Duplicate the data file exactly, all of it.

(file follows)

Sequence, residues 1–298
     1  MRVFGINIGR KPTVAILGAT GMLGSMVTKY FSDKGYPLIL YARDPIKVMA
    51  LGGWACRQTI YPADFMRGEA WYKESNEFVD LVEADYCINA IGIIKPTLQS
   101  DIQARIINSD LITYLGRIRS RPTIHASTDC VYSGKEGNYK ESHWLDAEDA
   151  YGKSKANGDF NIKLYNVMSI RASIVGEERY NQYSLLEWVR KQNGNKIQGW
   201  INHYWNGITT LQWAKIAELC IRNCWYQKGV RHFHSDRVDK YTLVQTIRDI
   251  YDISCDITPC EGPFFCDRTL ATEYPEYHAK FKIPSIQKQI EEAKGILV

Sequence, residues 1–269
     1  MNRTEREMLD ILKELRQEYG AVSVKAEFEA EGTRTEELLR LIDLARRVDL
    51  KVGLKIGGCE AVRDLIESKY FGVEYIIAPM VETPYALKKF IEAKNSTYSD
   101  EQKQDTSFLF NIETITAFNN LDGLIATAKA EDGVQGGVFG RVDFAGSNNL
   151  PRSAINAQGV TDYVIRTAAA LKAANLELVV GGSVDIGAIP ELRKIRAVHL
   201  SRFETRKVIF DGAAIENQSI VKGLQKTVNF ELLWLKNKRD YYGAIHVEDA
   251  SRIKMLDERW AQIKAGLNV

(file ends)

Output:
Sequence, residues 1–298
     1  MRVFGINIGR KPTVAILGAT GMLGSMVTKY FSDKGYPLIL YARDPIKVMA
    51  LGGWACRQTI YPADFMRGEA WYKESNEFVD LVEADYCINA IGIIKPTLQS
   101  DIQARIINSD LITYLGRIRS RPTIHASTDC VYSGKEGNYK ESHWLDAEDA
   151  YGKSKANGDF NIKLYNVMSI RASIVGEERY NQYSLLEWVR KQNGNKIQGW
   201  INHYWNGITT LQWAKIAELC IRNCWYQKGV RHFHSDRVDK YTLVQTIRDI
   251  YDISCDITPC EGPFFCDRTL ATEYPEYHAK FKIPSIQKQI EEAKGILV

Sequence, residues 1–269
     1  MNRTEREMLD ILKELRQEYG AVSVKAEFEA EGTRTEELLR LIDLARRVDL
    51  KVGLKIGGCE AVRDLIESKY FGVEYIIAPM VETPYALKKF IEAKNSTYSD
   101  EQKQDTSFLF NIETITAFNN LDGLIATAKA EDGVQGGVFG RVDFAGSNNL
   151  PRSAINAQGV TDYVIRTAAA LKAANLELVV GGSVDIGAIP ELRKIRAVHL
   201  SRFETRKVIF DGAAIENQSI VKGLQKTVNF ELLWLKNKRD YYGAIHVEDA
   251  SRIKMLDERW AQIKAGLNV